A booming state which lacks substantial natural resources; however, its human resources accustomed to creative effort and hard work consolidate its production capacity
Lara, the crossroads of all roads! For many years, this phrase has identified, like a slogan, the site. Truthfully, Aragua and Anzoátegui states also dispute such status. The authorities responsible for setting a strategy to introduce the state assets for the purpose of investment, tourism, or residence thought that the old saying wrapped up the best of Lara. Anybody going from western Venezuela to Caracas or eastern Venezuela forcefully passes by there.
It worked for years. But, after the first decade of the 21st century, it can be reasserted that the slogan was excelled with plans, actions and specific results. Lara has managed to occupy an important position in the Venezuelan map. No matter the shortage of natural resources, a competitive force has been trained in key economic sectors, including agriculture, trade, tourism, let alone craftsmanship and arts.
In colonial times, and during the war of Independence, the current Lara state was under the jurisdiction of the province of Caracas. After the Great Colombia broke up, in 1932, the province of Barquisimeto was established. It covered Quíbor, El Tocuyo, Carora and Barquisimeto, in addition to present Yaracuy state. Later on, in 1856, the province of Yaracuy including San Felipe and Yaritagua, was established. In 1881, the Great State of the North-West assembled Lara and Yaracuy. In August of that year, the state was named after a patriot hero, General Jacinto Lara. Since 1909, upon a constitutional reform, it keeps the present territorial division.
The site of almost two million inhabitants has a privileged geographical situation with a peculiar coexistence of arid and semiarid areas, and wet and cold weather in approximately 5 percent of the Lara territory, particularly at the foothill. Anyhow, dry, hot weather prevails. As for vegetation, it depends on relief and weather, but the prevailing one is xerophilous, represented by thistles, prickly pears and cují.
Local economy is based on several activities, namely: livestock, agriculture, trade and industry.
Coffee, potatoes, beans, tomatoes, bananas and corn, among others, are produced, but sugar cane is one of the most important and traditional agricultural goods. Noteworthy, in Altagracia, near Carora, wine-growing flourishes. The Altagracia vineyards of Pomar Wineries, born into a partnership between Polar Companies and Martell, are located there.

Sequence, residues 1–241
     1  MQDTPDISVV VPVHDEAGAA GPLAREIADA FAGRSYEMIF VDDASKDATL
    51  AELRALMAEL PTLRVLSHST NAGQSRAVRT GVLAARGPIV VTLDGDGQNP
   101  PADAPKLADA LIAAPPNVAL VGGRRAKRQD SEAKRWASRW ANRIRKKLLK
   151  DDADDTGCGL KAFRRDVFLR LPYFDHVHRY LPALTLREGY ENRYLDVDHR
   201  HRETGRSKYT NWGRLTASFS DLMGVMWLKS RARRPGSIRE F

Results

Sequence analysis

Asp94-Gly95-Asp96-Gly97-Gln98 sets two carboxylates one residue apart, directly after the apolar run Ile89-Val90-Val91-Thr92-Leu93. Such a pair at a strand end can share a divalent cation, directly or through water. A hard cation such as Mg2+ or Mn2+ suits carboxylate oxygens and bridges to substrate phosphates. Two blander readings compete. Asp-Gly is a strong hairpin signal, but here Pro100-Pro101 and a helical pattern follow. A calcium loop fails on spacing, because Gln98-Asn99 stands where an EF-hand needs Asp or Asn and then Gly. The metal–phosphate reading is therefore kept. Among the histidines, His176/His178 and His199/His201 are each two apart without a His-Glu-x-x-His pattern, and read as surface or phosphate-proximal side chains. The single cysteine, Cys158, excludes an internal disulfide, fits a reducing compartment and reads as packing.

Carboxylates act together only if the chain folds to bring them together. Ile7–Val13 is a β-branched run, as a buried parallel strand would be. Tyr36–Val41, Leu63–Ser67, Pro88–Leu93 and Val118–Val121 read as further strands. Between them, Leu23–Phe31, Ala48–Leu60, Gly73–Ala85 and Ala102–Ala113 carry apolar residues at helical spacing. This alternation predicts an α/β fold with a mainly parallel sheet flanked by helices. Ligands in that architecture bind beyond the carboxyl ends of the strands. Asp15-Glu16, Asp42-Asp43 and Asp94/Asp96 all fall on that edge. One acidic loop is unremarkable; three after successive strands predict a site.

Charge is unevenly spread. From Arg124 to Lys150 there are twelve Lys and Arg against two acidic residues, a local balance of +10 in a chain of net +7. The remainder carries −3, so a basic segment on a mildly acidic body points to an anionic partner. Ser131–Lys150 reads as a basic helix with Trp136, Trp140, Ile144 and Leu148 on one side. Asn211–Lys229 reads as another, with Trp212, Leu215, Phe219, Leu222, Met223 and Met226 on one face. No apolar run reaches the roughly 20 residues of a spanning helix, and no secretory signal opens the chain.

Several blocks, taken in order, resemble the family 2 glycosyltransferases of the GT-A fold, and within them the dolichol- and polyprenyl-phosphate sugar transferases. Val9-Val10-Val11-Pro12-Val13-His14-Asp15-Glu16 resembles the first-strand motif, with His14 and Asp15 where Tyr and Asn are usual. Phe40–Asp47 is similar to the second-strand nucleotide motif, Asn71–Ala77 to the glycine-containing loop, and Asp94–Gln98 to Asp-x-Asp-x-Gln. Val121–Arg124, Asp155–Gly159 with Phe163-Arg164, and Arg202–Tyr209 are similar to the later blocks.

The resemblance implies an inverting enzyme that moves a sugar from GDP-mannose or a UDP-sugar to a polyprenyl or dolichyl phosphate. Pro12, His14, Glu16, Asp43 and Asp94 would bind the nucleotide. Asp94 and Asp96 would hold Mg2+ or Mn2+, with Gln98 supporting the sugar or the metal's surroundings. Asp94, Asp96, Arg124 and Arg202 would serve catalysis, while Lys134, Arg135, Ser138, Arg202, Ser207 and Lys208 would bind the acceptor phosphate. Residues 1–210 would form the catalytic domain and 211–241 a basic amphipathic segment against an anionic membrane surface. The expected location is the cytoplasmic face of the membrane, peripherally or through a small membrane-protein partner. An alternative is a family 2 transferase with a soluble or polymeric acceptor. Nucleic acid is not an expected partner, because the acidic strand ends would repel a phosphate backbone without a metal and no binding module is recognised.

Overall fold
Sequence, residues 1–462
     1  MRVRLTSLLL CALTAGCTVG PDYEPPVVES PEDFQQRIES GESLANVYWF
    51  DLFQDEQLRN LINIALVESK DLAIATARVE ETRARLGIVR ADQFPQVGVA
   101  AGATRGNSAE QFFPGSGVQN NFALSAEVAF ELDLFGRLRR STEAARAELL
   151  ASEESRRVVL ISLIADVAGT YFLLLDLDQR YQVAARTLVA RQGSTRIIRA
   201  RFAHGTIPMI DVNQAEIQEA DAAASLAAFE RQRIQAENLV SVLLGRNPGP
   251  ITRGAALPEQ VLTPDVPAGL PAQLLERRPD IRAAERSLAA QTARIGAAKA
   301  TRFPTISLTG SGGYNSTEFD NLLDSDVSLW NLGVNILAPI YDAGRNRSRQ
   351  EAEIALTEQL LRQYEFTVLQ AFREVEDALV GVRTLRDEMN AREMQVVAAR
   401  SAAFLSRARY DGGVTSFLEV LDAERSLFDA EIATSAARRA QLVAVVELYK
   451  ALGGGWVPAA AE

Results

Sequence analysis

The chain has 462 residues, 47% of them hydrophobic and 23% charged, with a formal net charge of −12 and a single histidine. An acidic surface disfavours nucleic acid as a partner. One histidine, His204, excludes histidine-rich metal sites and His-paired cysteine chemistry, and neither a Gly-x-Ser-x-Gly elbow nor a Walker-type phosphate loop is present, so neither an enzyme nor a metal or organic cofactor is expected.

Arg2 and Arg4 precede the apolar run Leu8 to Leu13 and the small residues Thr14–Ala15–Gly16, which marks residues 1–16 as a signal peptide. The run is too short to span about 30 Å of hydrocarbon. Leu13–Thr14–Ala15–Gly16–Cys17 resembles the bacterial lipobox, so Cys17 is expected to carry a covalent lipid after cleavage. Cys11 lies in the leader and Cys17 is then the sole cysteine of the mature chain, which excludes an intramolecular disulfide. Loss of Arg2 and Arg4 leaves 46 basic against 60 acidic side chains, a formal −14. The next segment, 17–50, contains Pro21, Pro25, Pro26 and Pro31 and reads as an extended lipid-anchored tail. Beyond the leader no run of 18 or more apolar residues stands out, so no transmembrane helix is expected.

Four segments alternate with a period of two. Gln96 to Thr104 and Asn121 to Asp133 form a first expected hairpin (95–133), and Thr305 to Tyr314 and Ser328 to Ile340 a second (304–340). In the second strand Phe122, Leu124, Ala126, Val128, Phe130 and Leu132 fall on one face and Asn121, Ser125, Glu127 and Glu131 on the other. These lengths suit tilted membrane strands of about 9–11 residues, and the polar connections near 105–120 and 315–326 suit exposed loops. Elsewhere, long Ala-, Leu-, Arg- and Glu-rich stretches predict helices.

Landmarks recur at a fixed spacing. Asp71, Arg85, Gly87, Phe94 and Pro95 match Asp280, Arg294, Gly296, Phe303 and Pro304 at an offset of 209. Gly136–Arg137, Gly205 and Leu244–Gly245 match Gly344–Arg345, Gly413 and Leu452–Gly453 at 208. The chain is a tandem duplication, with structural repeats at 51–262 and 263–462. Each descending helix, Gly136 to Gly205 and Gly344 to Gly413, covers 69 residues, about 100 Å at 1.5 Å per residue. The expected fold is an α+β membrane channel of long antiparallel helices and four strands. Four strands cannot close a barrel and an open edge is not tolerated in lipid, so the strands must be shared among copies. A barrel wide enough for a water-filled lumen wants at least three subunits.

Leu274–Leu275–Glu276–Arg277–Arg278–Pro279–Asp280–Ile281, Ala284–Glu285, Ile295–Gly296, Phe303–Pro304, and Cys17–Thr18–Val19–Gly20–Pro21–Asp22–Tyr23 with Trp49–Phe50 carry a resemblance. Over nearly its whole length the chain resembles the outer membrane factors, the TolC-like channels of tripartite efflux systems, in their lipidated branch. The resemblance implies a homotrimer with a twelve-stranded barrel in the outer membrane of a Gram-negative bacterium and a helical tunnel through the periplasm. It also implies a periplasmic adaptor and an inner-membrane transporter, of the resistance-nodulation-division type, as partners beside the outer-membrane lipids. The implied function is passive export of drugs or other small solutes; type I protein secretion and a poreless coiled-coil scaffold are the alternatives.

A significant activity in Venezuela such as livestock has even a species of cattle called Carora, as the result of in-house research and development. Therefore, there is relevant breeding of cattle, pigs, sheep, goats and birds, and growing production of meat and dairy products.
Trade is wide and varied. For some local experts, trade is the most important economic sector in Barquisimeto, where around 60 percent of the state population is located. There are not recent numbers, but some government and private agencies estimate that over 50 percent out of the total working population in the city engage in trade.
Despite an ongoing argument about the feasibility of the industrial estate I, several industrial areas are located in Barquisimeto. They face troubles but have an excellent production capacity, particularly in the fields of metallurgy, agriculture and livestock, and textiles. In addition, for many years, small and medium-sized businesses and a consolidated cooperative movement in Lara are increasingly important.
Forest resources such as cují, sandbox tree, hog plum, cherry and vera have been recorded, and, to a lesser extent, in the mining sector there are refractory clay, siliceous sands, mercury, limestone and cement.
A FEW TIPS
There is no way to get lost in view of the land layout and planning of Barquisimeto, a standard Spanish grid. Numbered streets from east to west, crossed by routes or avenues, also numbered, are as clear as the GPS. If you are on the 11th street in your way to the 50th street and ask where is, locales will answer: "It is up there." It is a flat city though. Up or down will depend on the street numbers.
Barquisimeto people always speak of taxis. "I am going to the corner to take a taxi." "I came in taxi." Actually, it is not a taxi, but a van or small bus. A taxi, in the local language, is a cab. A species called "little fast" recently emerged. It is a cab used for several passengers at the same time.
The term "na' guará" is good for everything, meaning actually something big, large or admirable. It comes from "guaro," an endangered bird similar to a parrot. In this way, a "guarada" is a flock of flying parrots. Then "na´guará" came. And "guaro" is a multipurpose name given to the local people. "Guaropelao" is an affectionate term, but "this is good for a guaro" is on the opposite side. It is guaros' own business.
Translated by Conchita Delgado